Saturday, July 15, 2017

"further confirmation of Scott's singular genius"

This critical assessment by Marc Medwin (Dusted magazine) of the new Raymond Scott electronica set, Three Willow Park, isn't just the best review of the package—it's the best TEN reviews.

Unlike many of his contemporaries who churn out assembly-line reviews by cutting-and-pasting passages from press releases, Medwin practices old-fashioned music journalism. That takes time, because it requires the writer to actually LISTEN to the music being reviewed.

Here's an excerpt:
There is something romantic about Scott's quirky visions, something slightly humorous in the sounds often squeaking and brapping from his devices, as if nothing could be taken completely seriously at all times. Revel in the electro-acoustically saccharine “Portofino 3,” in which high-register women’s voices and saxophone pepper the electronic ripples and arpeggios. This whimsy even applies to his own corpus, as heard in the completely reworked and daffy version of “Toy Trumpet” from 1966, complementing the longer one that can be heard on Manhattan Research Inc. It’s Scott’s most well-known melody, but it’s given a complete makeover, as Miles Davis might have done with “So What” or Chick Corea did with “Spain.” Then, there are the positively zany sounds taken from the effects reel for Jim Henson’s 1966 film “The Organized Mind,” whose soundtrack is heard complete on MRI. Hearing the sounds divorced from context, like little misshapen galaxies, is instructive and a bit unnerving, a few jump-cut and smile-inducing moments notwithstanding. It’s all very far removed from the “serious” worlds of Stockhausen, Berio and the weighty concepts they imagined and championed. Ultimately, despite its complexities of vision and execution, there’s something endearing, almost childlike, in Scott’s music, something wondrous, sparking the imagination to travel paths similar to the trails its creator blazed.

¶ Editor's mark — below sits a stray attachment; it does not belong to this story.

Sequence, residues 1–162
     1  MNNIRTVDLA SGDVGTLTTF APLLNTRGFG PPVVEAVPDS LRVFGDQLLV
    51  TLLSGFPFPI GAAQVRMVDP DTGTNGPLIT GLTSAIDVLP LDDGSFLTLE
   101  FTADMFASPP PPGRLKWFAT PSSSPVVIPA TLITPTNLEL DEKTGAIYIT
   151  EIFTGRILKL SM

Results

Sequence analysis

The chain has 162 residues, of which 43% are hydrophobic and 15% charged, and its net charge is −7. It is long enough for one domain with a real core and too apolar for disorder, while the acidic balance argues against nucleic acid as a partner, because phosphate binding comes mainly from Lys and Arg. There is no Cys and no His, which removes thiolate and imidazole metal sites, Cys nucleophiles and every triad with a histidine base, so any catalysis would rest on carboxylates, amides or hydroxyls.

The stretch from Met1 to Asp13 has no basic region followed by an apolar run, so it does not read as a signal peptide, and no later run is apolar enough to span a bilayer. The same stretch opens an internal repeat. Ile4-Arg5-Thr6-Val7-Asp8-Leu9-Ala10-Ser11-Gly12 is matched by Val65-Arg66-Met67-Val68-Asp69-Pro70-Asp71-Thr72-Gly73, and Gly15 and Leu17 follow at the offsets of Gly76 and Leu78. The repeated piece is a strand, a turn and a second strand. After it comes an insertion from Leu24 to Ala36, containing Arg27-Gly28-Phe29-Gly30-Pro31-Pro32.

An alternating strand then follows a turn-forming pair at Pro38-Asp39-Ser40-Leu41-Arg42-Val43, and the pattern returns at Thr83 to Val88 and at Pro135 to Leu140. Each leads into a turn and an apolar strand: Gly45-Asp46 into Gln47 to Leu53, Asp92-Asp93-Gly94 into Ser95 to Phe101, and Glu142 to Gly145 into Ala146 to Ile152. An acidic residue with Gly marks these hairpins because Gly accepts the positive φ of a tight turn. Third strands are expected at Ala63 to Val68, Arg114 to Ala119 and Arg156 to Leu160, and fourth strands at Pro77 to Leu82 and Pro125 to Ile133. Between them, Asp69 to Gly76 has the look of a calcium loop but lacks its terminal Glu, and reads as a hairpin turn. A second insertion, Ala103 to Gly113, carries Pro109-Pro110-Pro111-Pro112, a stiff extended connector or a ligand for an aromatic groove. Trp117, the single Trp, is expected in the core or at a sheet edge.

Medwin brings lots of knowledge to his criticism.—he's an assistant professor in the music program at American University's College of Arts & Sciences, and wrote his dissertation on the late works of John Coltrane.

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